Diagnosing Drivability Concerns (VIDEO)

Diagnosing Drivability Concerns (VIDEO)

There are only four fundamental areas that could cause drivability concerns. Sponsored by The Group Training Academy.

CC:

Your customer comes in with a misfire or other drivability concern. With today’s complex vehicles, diagnosing the problem may make you, your service advisor and your technicians more than a little uneasy. Well, whether the vehicle is showing a trouble code or not, the good news is there are only four possibilities you need to consider.

Admittedly, when you find yourself dealing with an engine drivability or performance issue, finding and isolating the cause can seem a bit daunting. But there are really only four fundamental areas that could cause such a problem.

First, the engine’s mechanical condition and specifically its ability to compress the air charge and seal the combustion chamber.

Second, the engine’s volumetric efficiency – really, its ability to breathe –  encompasses any condition that prevents air getting in and out of the cylinders.

Third, the question of igniting the fuel. In the case of a gasoline engine, of course, this includes anything that prevents a strong spark at the right time.

Fourth, consider the fuel. This doesn’t only mean the condition of the fuel, winter fuel or summer fuel, but also fuel delivery and proper fuel mixture delivered cleanly and at the right time through the injectors into the combustion chamber.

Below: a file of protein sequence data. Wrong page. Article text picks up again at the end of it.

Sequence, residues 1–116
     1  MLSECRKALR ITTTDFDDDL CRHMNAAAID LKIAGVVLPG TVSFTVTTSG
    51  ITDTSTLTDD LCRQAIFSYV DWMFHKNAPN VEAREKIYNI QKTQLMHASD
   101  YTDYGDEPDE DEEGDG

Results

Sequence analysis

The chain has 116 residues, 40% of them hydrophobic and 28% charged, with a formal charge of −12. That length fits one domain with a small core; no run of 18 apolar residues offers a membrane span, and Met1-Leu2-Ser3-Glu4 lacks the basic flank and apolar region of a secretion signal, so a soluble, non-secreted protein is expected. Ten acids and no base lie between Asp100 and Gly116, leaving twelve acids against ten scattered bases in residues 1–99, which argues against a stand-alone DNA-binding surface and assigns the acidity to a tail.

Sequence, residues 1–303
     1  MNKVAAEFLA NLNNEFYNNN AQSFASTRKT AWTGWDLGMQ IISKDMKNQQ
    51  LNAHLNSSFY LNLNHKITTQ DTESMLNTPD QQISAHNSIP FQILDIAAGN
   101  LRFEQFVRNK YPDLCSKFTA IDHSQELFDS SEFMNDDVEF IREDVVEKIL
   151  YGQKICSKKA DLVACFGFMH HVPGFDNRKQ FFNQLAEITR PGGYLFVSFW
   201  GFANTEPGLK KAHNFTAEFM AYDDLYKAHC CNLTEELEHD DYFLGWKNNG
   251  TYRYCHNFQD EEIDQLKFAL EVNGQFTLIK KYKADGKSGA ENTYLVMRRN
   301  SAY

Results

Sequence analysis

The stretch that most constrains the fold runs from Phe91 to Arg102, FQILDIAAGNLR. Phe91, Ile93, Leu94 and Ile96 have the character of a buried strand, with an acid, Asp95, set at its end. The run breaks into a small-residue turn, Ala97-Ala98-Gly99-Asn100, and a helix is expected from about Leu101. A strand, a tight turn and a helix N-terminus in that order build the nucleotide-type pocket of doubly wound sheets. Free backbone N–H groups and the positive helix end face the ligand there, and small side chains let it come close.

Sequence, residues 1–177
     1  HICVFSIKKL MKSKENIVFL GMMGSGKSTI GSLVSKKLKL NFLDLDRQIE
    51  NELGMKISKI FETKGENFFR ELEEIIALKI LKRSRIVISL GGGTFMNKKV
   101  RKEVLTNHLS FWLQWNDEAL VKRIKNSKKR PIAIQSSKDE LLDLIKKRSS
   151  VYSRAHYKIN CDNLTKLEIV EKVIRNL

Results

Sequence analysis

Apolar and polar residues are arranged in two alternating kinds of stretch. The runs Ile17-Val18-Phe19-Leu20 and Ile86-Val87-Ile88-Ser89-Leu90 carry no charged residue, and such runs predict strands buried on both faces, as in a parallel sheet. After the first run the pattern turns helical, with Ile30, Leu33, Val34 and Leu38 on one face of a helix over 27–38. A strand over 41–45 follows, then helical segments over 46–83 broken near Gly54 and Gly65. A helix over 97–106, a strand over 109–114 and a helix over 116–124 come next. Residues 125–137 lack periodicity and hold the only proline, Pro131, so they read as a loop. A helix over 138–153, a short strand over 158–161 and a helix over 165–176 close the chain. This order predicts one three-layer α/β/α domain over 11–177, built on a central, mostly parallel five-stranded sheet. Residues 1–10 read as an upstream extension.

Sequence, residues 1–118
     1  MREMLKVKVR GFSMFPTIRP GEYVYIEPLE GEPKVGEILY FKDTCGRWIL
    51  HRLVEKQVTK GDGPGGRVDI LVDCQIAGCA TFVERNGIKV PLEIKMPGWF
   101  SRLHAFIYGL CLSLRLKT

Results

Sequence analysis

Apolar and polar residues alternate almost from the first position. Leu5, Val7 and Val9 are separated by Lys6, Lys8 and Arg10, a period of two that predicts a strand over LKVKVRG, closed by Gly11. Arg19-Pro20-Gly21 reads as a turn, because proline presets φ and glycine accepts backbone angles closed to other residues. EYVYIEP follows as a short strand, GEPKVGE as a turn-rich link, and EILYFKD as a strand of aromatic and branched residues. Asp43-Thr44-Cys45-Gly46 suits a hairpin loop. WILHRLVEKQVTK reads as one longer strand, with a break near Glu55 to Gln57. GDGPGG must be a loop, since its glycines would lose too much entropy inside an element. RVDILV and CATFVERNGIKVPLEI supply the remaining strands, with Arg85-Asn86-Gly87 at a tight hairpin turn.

Engine misfires are nothing to ignore. Whether there’s a DTC set and the check engine light is on or it’s just something you can feel, misfires are dangerous. Not only will they reduce fuel economy and increase emissions, they can cause serious damage to engine components and the catalytic converter.

What do you do? Start by checking the canary in the coal mine – in this case, the engine control module, or ECM. That’s what turned on the check engine light in the first place. Of course, it’s not always as simple as plugging in a scanner and getting a solution. You need to take the time to understand the code and the systems you’re working on because even the most routine tasks, like changing a battery, often require very specific processes be completed before the job is done righ. If you do your homework, your time spent testing and repairing will be better utilized and your diagnoses will be more accurate and efficient.

The best way to proceed is to follow a logical diagnostic process, one that you apply to every troubleshooting situation that rolls through your door. When you follow the same process every time, it removes many variables you are likely to face when you’re trying to isolate and find the cause of your customer’s concern.

A standard set of steps will not only make you more accurate, it will help make your diagnostic process quicker and more efficient. If you follow the same process, you won’t make the mistake of automatically ignoring a system or component that you just KNOW can’t be part of the problem.

Remember, the vehicles you are seeing in your shop today are more complex and integrated than ever. You can’t get away with “kinda close” anymore. You either get it right or you get it wrong. And if you get it wrong, your customers will not be happy – they’ll either be back or they won’t. Either way, it’s bad news.

For more information about ECMs and systems, visit Cardone.com.

This video is sponsored by The Group Training Academy

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